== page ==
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Once again we woke to a foggy morning, but by the time we finished the fresh coffee with our breakfast, the fog had lifted and we had to say our goodbyes to Stang Korvann and Bryan and Jilly. While it had been a wonderful experience, we had a 4:00pm train to catch in Quimper.

After packing the car and getting our directions, we first set off for Concarneau before we went to Quimper. Concarneau is France’s third most important fishing port, and a town with a fortified island, the medieval Ville Close, in the center of the harbor.

Thursdays are market day in Concarneau, and are held in the public square outside of the fortress and thus parking nearby was difficult. As usual there was a wide array of foods and products but as with all markets we have seen there are often genres of items at one that you seldom see at others. This market was no exception, nuts, spices and teas were available in greater quantities than we had seen in other markets.

After we strolled the market and got a bite to eat, we walked over to the fortress. On passing through the massive gate we entered another era, much as we have in so many other ancient places on this adventure. The tourist shops with their bright and shiny things and the hoards of tourists distract from the former wonder of the place, but one learns to either look beyond or seek out the little alleys and back streets that often open into delightful and quiet areas full of surprise.

As the clocked ticked on, we also had to move on towards Quimper. Though we started off in the wrong direction, I took a couple of extra turns around the roundabout to recheck the directional signs, and we were soon back on the correct route.

With a few hours remaining before our train back to Rennes, we parked the car, negotiating the pay machine with our credit card. Then we made off in the direction of the spires of the Quimper Cathedral (Cathédrale Saint-Corentin de Quimper).

Consecrated in 1287, the cathedral took six centuries to complete because of endless setbacks. Civil wars, several wars against the English, the black plague that killed 22 million Europeans, climatic issues and bad harvests that caused terrible famines forced the construction of the cathedral to stall many times. Even the French Revolution contributed to the delay when the religious furniture and statuary were plundered. Unfortunately for us the interior of the cathedral was being cleaned, and we were unable to appreciate this beautiful structure.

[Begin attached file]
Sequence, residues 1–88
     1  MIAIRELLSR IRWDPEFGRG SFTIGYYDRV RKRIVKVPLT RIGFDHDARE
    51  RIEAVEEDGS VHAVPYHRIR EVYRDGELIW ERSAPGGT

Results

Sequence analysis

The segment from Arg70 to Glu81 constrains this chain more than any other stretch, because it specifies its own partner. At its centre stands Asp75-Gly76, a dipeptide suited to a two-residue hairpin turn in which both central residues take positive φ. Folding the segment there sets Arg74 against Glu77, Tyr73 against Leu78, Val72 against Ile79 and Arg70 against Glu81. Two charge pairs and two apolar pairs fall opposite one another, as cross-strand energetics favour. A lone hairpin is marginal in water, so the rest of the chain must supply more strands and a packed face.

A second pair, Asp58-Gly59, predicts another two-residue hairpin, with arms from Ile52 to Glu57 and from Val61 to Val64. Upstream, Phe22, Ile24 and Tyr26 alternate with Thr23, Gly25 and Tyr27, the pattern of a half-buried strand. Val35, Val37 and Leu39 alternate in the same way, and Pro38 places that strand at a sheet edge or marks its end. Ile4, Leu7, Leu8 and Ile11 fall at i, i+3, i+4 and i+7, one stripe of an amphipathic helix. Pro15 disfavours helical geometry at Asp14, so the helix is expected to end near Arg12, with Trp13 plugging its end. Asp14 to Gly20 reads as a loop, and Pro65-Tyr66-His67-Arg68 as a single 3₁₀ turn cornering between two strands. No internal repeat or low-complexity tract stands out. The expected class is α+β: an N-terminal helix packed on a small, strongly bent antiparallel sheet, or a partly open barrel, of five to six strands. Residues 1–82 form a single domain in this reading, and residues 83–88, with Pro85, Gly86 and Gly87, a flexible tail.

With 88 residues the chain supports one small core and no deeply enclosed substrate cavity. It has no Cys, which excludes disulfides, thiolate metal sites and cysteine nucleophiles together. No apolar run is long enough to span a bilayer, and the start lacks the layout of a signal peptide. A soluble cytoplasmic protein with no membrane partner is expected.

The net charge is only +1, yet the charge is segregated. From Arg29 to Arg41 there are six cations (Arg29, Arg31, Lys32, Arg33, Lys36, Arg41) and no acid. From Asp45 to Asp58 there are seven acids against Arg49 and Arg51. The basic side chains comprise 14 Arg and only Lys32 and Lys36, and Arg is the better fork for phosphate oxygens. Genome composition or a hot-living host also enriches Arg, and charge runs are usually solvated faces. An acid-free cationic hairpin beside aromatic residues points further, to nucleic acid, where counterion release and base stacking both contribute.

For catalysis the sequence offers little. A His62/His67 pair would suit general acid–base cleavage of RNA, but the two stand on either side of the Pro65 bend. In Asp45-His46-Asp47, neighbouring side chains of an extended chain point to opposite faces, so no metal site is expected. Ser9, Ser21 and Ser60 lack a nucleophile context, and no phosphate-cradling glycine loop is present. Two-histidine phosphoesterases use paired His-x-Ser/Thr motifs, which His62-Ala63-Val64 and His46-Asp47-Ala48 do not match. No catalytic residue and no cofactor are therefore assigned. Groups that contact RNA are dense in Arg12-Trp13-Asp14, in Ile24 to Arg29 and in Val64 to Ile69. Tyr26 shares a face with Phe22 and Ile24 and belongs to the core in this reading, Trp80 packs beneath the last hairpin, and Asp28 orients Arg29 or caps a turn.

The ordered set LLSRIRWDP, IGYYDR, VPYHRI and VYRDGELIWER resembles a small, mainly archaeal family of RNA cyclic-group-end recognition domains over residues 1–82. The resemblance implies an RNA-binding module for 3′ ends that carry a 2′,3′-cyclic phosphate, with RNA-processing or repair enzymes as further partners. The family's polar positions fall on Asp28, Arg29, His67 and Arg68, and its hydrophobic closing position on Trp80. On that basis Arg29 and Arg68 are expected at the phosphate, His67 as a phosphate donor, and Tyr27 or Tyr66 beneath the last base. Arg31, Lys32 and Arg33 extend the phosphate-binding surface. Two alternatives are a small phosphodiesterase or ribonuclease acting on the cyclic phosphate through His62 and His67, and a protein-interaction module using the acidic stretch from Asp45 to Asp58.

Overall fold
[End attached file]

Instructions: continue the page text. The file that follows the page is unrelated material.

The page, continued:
We then went to an exhibit at le Musée départemental Breton de Quimper. There were quite interesting exhibits about the history of the area. The first evidence of any human presence surrounding Quimper goes back to the 4th century BC. It was under the reign of the Roman Emperor Augustus, however, around the year AD 1, that a small port town came to life on the shores of l’Odet River.

The temporary exhibit that really caught our eye was of three artists Hiroshigi, Hokusai, and Riviére. Hokusai and Hiroshigi are very famous Japanese artists who worked in the late 1700’s to the mid 1800’s. Reviére was more contemporary. Their medium was primarily woodblock prints. For some reason we had never heard of Henri Reviére, who has an interesting connection to Hiroshigi and Hokusai. I also presume he has a connection to my family since my grandmother’s maiden name was Reviére. Reviére created a series of prints called “36 views of the Eiffel Tower” in the style of Hiroshigi’s famous series “36 views of Mount Fuji“.

As the time to depart approached, we returned the car to the rental agency, and carried our luggage to the train station. Having a short wait for our train, we enjoyed a café watching residents and travelers walking past. Later, as our train arrived in Rennes, we both remarked how good it was to be home, even if it was only to be for a few days more.

This Post Has One Comment

  1. The travelogue has been great, providing a bit of relaxation from the hustle that is going on right now. The photos have been wonderful and I look forward to each adventure!

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